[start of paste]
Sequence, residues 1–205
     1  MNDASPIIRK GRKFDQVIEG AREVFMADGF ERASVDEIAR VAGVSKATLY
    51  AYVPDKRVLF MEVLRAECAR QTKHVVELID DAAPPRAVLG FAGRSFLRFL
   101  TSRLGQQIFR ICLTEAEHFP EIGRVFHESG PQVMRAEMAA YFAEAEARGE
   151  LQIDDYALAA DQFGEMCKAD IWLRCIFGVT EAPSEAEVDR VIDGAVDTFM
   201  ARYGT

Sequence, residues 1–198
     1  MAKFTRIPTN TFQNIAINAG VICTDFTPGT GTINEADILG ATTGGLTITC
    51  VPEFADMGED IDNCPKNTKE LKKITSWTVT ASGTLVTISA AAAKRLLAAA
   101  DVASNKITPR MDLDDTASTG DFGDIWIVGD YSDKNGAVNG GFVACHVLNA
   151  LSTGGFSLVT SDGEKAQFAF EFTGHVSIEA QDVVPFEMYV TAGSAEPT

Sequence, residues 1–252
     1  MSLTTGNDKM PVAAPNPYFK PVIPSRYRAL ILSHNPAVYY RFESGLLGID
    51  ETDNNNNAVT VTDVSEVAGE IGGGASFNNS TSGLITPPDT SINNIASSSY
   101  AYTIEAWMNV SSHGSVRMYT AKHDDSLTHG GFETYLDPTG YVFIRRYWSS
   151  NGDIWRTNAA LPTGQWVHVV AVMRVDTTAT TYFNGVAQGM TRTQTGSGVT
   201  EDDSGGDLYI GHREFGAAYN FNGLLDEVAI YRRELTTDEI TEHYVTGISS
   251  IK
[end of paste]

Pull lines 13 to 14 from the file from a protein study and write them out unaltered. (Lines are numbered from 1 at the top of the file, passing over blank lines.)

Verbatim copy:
     1  MSLTTGNDKM PVAAPNPYFK PVIPSRYRAL ILSHNPAVYY RFESGLLGID
    51  ETDNNNNAVT VTDVSEVAGE IGGGASFNNS TSGLITPPDT SINNIASSSY